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Wednesday, August 11, 2004 

Open your eyes

Waiting until you're attacked before doing anything about it is an efficient method of getting hurt.

Aside from training, there are two main things you can do ahead of time to minimize the risk, or failing that, maximize your ability to meet the threat. They're so interconnected that you can't talk about one without bringing up the other. First, you make yourself as aware of everything around you as possible. Second, you assess what's going on around you to make the changes necessary to boost your chances.

Here's how to do it.

Make a map in your head of your immediate surroundings. Note potential points of entry and escape. Note the positions of every person in your immediate area. Note every object that can be used as a weapon (e.g. thrown, swung or stabbed). Note your blindspots. Note who is within critical distance (minimum distance within which someone can attack you).

Good. Now do it again. And again. And keep doing it.

Make this thing in your head to a map what a movie is to a photograph.

Now, tweak things. Position yourself so that your blindspots are as small as possible, so that you can see all the points of entry and so that as few people enter the critical distance as possible without you knowing before they get there. Check the blindspots often.

This is easy to do when you think about it. Extremely hard to make an automatic habit. Even harder when you're tired, drunk or sick.

Eventually you'll find that sitting with your back to an open room makes you uncomfortable because you've effectively made your blindspot an entire room and you have no idea who is in the critical distance. You'll find that needless clutter makes you itchy because it could impede your escape if you have to run. That being tired, drunk or sick are made doubly unpleasant because of how they blur your thinking. That you'll start to lock your door even when you're home because the sound of a rattling knob will serve as early warning.

You'll also find that you are surprised less often than others because you see things coming. Or that you're surprised first. Also, you'll be more likely to spot people you know in a crowd before they know you're there.

Try it for a night. You'll be surprised what you notice.

I've done that for years.. I never thought of it being a sort of dicipline.... my family always wondered how, if something changed in the house, I was able to pick up on it... and they always laughed at me whenever I refused to sit with my back to everyone in, say, a restaurant atmosphere...

But shurely, in this age of relatively concealable guns, estimating critical distance is pretty hard? Unless you just mean for hand-to-hand attacks.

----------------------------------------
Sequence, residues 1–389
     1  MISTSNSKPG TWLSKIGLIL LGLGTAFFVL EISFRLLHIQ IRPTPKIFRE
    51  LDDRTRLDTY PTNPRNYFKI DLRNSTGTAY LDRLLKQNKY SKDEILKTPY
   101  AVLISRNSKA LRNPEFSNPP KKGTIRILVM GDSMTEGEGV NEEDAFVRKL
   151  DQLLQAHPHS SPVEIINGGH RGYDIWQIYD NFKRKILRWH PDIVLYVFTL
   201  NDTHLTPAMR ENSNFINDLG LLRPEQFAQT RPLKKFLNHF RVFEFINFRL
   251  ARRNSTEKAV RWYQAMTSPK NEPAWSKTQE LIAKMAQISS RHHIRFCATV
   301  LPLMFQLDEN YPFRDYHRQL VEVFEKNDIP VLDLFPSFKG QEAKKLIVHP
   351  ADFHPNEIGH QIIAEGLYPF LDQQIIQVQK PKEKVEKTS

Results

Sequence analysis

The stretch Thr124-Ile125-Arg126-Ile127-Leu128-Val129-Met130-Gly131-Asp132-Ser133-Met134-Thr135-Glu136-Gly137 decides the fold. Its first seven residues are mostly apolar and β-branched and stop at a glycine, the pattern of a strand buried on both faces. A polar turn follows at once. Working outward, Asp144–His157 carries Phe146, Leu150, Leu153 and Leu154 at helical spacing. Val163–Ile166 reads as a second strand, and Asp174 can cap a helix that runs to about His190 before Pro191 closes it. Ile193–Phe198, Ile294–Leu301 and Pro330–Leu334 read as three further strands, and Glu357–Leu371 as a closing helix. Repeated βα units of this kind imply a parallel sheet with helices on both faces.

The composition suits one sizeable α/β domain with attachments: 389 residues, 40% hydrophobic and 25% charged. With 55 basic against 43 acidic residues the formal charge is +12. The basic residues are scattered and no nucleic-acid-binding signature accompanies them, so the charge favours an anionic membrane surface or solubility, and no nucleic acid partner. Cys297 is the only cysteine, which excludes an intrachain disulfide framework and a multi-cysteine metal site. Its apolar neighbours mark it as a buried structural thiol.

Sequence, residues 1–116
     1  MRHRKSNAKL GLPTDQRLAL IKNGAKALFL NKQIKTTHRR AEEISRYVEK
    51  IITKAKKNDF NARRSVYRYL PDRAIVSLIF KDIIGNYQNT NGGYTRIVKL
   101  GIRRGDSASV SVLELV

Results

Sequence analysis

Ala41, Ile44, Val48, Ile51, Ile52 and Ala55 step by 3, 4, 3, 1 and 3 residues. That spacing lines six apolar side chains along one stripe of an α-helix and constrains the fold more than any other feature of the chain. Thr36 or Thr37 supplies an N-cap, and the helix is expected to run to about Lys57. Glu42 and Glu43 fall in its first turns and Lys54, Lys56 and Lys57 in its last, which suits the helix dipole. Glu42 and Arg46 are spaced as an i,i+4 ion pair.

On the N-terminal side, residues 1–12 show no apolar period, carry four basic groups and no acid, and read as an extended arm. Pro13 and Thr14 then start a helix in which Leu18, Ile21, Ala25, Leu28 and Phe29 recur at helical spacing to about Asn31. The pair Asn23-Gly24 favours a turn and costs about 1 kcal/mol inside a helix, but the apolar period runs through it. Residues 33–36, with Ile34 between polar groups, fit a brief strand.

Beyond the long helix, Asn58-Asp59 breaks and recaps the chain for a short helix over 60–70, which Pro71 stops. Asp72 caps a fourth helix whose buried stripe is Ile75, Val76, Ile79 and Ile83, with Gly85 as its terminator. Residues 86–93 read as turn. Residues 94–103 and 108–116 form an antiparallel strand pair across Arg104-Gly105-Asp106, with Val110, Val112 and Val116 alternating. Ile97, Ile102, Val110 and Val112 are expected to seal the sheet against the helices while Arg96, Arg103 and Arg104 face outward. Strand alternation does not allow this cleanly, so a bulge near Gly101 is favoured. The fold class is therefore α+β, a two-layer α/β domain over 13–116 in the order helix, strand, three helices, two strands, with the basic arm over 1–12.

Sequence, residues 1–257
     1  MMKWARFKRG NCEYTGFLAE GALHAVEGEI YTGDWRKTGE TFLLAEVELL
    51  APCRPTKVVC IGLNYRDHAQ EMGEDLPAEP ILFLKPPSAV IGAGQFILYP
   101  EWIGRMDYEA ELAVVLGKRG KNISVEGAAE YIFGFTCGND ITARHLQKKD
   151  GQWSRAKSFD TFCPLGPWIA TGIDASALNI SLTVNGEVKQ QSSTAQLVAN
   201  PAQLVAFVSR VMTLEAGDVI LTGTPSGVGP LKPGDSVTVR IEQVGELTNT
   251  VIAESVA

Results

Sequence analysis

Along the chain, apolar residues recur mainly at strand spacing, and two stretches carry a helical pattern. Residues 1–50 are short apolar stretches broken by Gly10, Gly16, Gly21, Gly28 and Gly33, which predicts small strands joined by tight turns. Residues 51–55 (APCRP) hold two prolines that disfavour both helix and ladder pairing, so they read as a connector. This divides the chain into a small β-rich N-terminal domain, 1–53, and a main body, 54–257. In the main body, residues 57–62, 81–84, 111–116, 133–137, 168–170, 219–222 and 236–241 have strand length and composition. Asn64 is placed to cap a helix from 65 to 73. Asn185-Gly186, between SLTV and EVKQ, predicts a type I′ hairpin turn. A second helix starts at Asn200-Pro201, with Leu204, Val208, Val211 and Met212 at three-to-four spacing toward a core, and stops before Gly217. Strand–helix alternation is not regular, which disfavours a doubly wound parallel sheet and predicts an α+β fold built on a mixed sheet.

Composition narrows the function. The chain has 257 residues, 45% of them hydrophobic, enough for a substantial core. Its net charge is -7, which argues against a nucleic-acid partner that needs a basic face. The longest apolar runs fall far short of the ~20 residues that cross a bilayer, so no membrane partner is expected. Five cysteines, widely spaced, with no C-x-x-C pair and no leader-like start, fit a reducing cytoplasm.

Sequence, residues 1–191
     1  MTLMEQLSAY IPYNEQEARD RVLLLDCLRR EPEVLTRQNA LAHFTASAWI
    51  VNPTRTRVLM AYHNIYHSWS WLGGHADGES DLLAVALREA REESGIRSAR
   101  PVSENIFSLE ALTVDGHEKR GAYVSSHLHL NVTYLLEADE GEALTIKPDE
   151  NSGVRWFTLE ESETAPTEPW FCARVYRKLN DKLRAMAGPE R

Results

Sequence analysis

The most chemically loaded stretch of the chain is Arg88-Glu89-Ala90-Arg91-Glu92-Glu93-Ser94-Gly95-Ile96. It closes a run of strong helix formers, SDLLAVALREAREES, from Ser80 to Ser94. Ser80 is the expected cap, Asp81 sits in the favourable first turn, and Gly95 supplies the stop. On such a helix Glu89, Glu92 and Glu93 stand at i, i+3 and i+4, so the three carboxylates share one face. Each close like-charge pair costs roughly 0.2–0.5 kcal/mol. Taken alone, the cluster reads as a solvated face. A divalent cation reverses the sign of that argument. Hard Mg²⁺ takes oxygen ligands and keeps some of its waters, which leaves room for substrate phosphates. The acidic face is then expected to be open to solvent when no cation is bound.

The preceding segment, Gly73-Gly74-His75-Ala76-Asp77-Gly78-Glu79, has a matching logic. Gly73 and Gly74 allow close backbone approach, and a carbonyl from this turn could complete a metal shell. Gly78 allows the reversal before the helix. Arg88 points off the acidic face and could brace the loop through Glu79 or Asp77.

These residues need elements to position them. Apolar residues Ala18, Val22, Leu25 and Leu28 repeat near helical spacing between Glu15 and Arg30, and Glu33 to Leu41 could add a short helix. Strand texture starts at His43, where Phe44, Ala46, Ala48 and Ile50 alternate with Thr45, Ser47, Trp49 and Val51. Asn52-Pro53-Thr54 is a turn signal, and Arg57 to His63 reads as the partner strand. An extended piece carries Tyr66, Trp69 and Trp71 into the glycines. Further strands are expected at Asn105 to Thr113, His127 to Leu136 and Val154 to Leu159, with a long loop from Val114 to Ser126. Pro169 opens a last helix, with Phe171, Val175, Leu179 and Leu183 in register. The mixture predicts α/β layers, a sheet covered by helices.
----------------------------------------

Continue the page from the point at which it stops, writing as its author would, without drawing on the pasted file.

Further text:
Also, warning or no, I don't want to lock my door when I'm home. And I don't want to live anywhere where it's necessary.

The concept of critical distance is primarly for close quarters combat without firearms. It's useful when facing someone who might want to injure you with the big four (i.e. hands, feet, edged or blunt weapons). Concealed weapons of any type - blades or firearms - make estimating critical distance difficult. However, if you're keeping an eye out for who is entering critical distance for the big four, then you've got a better shot at spotting someone outside that distance who is drawing a handgun. Drawing a handgun within that distance is risky for the attacker because if they're within that distance while their weapon and hand are encumbered, you have a shot - with sufficient training - at responding before they can bring the weapon to bear.

Also, while it might sound like it at times, we're not talking about guarding against assassination. It's not likely that someone will appear from nowhere without warning and take you down with a concealed blade or handgun. For the most part, there will be some kind of warning before a situation escalates to the point where someone is attacking you. However, if it gets there, you want to know exactly what and who are around you.

Unfortunately, there's no sure formula that'll make you perfectly safe. Given sufficient opportunity, resources and resolve, anybody can take anybody. No big surprise there. But the more aware you are, the better your chances.

And I'm not saying you should lock your door when you're home. Just that if you do the mapping all the time, it might start to bother you if you don't. I'm also not saying you should do the mapping, I'm writing about something I do. All of the 'you' in the post is because when I explain this sort of thing, I unconsciously fall into the language of an instructor.

On another note, many people - like Kyle - do the mapping naturally. I'm one, though not always as systematicaly as I modeled in this post. For those who aren't, making it automatic can be very difficult. Many people's focus is more narrow, on the person they're talking to for example, and to widen the focus requires constant concentration.

this is not a post one particularly wants to read at 3:40am after a pub crawl. i did, however, find it interesting the first time.

Oh, I didn't assume you were being normative - but I know when that sort of thing comes to you naturally, it can seem odd when others don't do the same.

And thanks for clearing up the critical distance stuff. The temptation to try to convince Jer to surprise you with a blowgun and a stickydart when you're in TO is nigh-overwhelming.

Time Enough for Love, Heinlein

Okay, I have to admit my ignorance. Would someone mind explaining the last comment to me?

Okay, really curious now. Is Anonymous suggesting I read Time Enough for Love, asking if I already have, or suggesting I actually find time enough for love? Something else? Why?

I haven't read it, by the way. But after finding out what it's about, it's now on my list.

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